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Lana Del Rey at Latitude Festival review

Lana Del Rey at Latitude Festival review

If Reading and Leeds are for wild teens, and All Points East for London hipsters who won’t camp, then Latitude is – according to reputation – for middle-class families.

I’d like to debunk the myth, but it rang true over the mostly sunny weekend just gone. Not that I’m complaining; I relished the excuse not to get inebriated given the abundance of sprightly sprogs, and it was refreshing to attend a smallish festival accessible from London with such a decent lineup.

What’s more, the family dynamics played out in interesting (read: non-boring) ways: as well as euphoric toddlers/infants, I was struck by a) screechy, silly teenagers, many in profoundly irritating bucket hats, b) super cool parents and c) grandparent-age attendees having the best time of all.

Cross-generational crowds gave gigs different flavours: for Stereophonics’ solid set, bored kids swayed alongside crooning DILFs. Then, teens out in force for Aurora, 23, and Sigrid, 22, whose enthusiasm was gradually eclipsed by that of the adults in attendance, blown away by the raw Norwegian pop talent on display.

For Lana Del Rey’s headlining slot, the crowd was led by frenzied fresh-faced fans; the lady herself, a vision in white, gamely toured the pit, signing records, pinching cheeks and posing for selfies.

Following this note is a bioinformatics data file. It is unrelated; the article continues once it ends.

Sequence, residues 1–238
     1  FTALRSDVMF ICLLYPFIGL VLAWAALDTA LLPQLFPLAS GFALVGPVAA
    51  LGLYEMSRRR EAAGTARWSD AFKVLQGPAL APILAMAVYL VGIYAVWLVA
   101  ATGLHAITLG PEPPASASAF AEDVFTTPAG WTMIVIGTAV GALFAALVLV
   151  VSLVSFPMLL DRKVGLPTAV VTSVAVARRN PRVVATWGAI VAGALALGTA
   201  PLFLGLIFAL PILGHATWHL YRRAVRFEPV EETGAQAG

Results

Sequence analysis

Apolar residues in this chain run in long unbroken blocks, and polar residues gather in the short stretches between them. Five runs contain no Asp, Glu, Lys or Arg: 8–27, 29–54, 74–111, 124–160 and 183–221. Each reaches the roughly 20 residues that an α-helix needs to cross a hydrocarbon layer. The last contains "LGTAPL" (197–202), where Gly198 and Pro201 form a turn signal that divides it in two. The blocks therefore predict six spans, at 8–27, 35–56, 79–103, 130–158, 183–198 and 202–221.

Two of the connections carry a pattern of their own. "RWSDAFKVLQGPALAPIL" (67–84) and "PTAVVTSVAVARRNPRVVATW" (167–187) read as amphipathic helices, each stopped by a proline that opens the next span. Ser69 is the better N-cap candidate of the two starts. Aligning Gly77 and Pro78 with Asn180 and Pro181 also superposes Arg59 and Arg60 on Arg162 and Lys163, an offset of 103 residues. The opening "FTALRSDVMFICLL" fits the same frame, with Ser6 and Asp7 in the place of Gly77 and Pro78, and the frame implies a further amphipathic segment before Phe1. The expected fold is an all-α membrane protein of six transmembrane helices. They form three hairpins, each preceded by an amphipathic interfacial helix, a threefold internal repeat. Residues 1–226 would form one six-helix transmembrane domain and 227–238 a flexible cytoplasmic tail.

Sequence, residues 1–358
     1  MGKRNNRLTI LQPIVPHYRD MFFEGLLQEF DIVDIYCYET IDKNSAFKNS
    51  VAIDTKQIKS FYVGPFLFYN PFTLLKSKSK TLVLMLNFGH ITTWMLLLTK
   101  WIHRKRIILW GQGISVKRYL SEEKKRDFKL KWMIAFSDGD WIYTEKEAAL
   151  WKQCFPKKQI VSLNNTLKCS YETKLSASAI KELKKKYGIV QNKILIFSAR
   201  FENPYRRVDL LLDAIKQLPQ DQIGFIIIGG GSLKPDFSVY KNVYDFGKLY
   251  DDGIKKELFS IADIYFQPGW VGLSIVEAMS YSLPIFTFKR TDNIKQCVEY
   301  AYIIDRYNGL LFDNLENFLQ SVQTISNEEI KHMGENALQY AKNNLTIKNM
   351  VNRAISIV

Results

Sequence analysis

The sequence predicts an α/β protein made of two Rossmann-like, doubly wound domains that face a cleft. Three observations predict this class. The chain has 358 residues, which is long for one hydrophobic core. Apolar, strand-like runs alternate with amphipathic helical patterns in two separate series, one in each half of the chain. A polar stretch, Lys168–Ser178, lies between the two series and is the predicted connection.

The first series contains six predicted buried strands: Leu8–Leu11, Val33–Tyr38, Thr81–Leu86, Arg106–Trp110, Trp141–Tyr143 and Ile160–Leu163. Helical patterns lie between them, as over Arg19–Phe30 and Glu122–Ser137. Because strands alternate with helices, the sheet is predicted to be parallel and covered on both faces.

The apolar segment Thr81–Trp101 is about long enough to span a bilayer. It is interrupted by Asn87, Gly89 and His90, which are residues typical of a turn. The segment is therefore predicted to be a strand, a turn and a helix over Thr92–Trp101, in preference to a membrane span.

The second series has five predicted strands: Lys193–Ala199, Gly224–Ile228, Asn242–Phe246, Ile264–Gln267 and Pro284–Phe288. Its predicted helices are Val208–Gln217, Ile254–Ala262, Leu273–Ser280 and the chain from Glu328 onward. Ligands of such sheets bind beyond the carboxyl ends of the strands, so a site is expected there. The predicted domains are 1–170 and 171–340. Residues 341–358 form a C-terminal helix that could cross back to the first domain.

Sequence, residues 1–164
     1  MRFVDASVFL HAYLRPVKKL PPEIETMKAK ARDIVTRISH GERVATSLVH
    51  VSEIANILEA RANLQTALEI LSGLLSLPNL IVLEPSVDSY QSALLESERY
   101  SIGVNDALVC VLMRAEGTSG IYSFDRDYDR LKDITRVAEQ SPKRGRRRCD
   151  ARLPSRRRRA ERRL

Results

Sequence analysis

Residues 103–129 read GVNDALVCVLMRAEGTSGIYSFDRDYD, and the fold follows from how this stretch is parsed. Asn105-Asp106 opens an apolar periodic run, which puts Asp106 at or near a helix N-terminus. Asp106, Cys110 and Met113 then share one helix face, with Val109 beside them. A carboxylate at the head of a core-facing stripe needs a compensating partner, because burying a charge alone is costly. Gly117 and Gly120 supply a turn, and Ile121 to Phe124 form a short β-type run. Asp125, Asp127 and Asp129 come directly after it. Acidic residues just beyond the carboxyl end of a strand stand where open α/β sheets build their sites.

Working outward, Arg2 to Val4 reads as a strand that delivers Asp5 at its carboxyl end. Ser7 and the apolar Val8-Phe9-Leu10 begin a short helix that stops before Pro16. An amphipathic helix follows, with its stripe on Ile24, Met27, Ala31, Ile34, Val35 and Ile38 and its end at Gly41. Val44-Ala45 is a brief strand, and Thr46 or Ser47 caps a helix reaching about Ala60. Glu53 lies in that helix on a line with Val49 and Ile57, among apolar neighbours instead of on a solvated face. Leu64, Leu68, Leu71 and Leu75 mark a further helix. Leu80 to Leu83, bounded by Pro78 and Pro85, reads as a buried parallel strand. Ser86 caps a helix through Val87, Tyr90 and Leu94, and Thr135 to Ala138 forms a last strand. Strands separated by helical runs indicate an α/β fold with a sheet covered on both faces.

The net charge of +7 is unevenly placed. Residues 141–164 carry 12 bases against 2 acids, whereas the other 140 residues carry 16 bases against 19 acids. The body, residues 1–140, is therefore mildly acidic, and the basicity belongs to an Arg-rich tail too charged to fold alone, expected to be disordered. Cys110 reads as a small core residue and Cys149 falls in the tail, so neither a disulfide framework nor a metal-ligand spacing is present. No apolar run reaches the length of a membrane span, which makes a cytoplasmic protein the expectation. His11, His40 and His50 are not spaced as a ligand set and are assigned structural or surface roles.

Such hysteria wasn’t indicative of the wider crowd, with many silent and static… albeit, with eyes and ears agog. Because, even after eight years, something about Lana Del Rey is still utterly compelling.

Her star power has always been potent but detached – or, perhaps, potent because its detached. It’s a quality captured in her videos but swallowed up on stage. As such, last night wisely featured light choreo.

This I can imagine Lana taking with reluctance, before finding her groove: pure nonchalance, of course, telephoned-in Mariah style, as two tireless and transfixing backing dancers do the heavy lifting. (I mean this as a compliment).

Then there’s her voice, which I adore, whether the rumbling lower register or on-point, songbird-esque high notes. She’s not a belter, and there’s the odd off note, but it’s always thrilling. The sound she makes is pure, pulpy charisma.

The 14-song performance was surprisingly heavy on throwback Born to Die bombast, including a densely rocky Off To The Races – an unexpected but effective set climax.

While light on her more challenging, and in many opinion, best work (i.e. West Coast, Ultraviolence, Summer Bummer) it was pretty much entirely fab. Particularly a bouncy, tropical cover of Sublime’s Doin’ Time, a perfect palate cleanser after the legendary sadness of Video Games, which she knocked out of the park.

GSN traveled from London Liverpool Street to Halesworth. Fares start from £10 ($12.44, €11.13) one-way. For the cheapest fares, book direct at

See also: 

Florence + The Machine, Celine Dion, Barbra Streisand at British Summer Time, London review

Pink at Wembley Stadium, London review: ‘Puts her peers in the shade’